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Elizabeth Whittlesey

Sipping Diet Snapple discontentedly at a bistro, channeling Joseph Smith’s visions, taking in the enormity of climate change, glimpsing her spirited alter ego Miss Muggins at the drugstore or the movies: Elizabeth Whittlesey’s debut volume of poems is about the way we live now, amid the ironies, pleasures, and desolations of selves in the grip of natural and manufactured want. These are poems that speak, aloud and with improbable buoyancy, from out of the opposed demands of self-absorption and a wider social and ecological consciousness, and find a precarious but real equilibrium.

“It would be easy, accurate, and even comforting to describe I Wanted Everything as yet another book of poetry about desire. Easy because it’s right there in the title.…Comforting because to summarize this wild, capacious new thing as ‘a book of poetry about desire’ is to domesticate it, make it familiar.…But something other than familiar lyric longing is at work in I Wanted Everything, something far more treacherous.…Desire for Whittlesey presents itself not simply as the time-honored, almost quaint condition of human consciousness that, once upon a time, we learned to channel productively into exploration, architecture, and scientific advance, or else to direct with lyrical delicacy towards objects of hypothetical or naturally occurring beauty.…That’s not where we are anymore, if we really ever were. Where we are is ‘a land where two double cheeseburgers cost less/than a single,’ where ‘advertising inserts are spilling/continually out of magazines’…situated instead among the fluorescent aisles of all-night drugstores…or in ‘the dark cavern of Trump/Tower’s underbelly.’…Years from now, when they ask, and they will, what it was like back then, meaning the present, I will be kind. I will hand them I Wanted Everything, and I’ll say take this, all of you, and read.”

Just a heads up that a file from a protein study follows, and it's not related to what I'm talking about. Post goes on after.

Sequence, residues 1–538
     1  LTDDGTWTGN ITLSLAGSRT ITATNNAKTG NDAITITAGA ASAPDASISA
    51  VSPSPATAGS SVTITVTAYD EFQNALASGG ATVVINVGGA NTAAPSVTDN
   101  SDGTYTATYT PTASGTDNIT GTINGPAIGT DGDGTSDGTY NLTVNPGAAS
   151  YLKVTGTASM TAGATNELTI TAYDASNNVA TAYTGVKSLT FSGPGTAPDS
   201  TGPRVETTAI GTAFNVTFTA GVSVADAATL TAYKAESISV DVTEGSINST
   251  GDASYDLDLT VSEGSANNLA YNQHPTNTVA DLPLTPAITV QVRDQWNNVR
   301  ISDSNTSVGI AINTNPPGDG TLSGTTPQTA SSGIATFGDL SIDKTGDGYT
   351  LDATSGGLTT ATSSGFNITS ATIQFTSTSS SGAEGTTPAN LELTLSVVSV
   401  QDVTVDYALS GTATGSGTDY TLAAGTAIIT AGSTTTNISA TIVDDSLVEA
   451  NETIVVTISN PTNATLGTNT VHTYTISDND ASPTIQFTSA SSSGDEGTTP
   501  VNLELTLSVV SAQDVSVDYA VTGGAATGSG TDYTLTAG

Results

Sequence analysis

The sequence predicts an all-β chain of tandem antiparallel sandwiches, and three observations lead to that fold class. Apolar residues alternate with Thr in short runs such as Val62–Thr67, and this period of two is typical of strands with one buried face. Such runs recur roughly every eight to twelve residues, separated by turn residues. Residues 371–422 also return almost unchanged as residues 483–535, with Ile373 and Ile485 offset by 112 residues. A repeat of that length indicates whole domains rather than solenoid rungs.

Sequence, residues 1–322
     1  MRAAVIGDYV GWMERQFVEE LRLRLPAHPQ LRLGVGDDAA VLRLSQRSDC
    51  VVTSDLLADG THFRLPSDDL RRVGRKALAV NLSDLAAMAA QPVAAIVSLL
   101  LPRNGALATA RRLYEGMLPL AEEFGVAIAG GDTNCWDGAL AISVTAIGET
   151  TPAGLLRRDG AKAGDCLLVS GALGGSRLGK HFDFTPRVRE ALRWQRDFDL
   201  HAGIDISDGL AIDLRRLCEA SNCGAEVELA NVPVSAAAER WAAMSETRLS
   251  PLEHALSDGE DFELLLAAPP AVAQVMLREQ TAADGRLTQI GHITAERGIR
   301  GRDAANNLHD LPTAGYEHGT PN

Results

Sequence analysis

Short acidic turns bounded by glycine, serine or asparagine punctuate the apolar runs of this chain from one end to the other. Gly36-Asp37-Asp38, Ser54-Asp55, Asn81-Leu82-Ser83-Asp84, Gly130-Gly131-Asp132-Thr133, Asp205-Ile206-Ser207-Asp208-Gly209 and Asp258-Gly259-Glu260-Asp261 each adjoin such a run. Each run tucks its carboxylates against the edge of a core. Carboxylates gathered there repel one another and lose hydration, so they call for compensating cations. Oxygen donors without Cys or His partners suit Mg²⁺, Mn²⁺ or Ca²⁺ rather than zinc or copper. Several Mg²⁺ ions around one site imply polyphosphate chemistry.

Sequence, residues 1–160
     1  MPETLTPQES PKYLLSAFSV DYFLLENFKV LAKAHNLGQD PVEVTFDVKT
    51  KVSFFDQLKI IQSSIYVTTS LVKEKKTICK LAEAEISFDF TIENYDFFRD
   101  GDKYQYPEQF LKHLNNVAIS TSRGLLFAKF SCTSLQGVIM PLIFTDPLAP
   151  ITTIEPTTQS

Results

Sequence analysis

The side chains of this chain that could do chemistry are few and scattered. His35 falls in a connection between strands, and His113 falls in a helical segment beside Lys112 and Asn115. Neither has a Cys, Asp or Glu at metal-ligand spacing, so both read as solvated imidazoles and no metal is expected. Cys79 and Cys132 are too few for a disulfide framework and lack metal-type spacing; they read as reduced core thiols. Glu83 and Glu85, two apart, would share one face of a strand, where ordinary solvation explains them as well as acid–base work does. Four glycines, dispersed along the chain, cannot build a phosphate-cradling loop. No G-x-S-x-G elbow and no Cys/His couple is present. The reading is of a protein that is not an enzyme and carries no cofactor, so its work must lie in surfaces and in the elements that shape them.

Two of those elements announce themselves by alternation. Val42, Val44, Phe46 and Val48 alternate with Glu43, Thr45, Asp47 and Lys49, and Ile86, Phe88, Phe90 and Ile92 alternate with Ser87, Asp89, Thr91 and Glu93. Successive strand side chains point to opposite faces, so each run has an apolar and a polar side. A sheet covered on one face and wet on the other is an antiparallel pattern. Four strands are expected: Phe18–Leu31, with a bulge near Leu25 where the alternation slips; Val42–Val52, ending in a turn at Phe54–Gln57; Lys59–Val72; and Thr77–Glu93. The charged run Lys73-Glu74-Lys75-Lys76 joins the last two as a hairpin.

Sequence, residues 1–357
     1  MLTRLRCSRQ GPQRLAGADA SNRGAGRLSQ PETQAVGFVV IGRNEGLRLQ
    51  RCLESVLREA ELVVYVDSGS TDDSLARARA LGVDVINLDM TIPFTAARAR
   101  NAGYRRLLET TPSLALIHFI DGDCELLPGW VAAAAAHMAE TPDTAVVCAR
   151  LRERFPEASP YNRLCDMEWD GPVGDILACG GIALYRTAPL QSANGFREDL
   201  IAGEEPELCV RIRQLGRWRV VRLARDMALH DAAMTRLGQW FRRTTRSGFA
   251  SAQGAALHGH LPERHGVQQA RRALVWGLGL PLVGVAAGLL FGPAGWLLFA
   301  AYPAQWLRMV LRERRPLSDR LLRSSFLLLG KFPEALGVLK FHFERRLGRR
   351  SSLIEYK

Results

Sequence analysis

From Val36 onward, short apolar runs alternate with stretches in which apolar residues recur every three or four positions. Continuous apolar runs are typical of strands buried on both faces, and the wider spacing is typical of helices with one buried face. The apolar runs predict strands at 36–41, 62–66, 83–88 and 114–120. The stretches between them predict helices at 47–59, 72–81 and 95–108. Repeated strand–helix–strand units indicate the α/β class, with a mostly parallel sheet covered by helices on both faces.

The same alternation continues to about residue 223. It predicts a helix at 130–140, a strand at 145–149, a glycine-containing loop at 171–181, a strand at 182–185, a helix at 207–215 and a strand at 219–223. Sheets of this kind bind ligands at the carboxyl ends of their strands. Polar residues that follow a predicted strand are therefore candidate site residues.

—From the foreword by Timothy Donnelly, winner of the Kingsley Tufts Award

Read the foreword by Timothy Donnelly »

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Elizabeth Whittlesey was born with her sun in Leo in Harare, Zimbabwe, where she roamed with the other lions until the age of three. She grew up at the foot of Mt. Olympus of the Wasatch Range of the Rocky Mountains of Salt Lake City, Utah, and received her B.A. from Rice University and her M.F.A. from Columbia University. She currently resides among the Washington Heights hills of Manhattan.

Timothy Donnelly is the author of The Cloud Corporation (winner of the Kingsley Tufts Award) and Twenty-seven Props for a Production of Eine Lebenszeit. His poems have appeared in Harper’s, jubilat, The Nation, The Paris Review, PEN America, Ploughshares, TriQuarterly, and other journals, and have been translated into German and Italian. He teaches at Columbia University and is poetry editor for Boston Review. He lives in Brooklyn, New York with his wife and two daughters.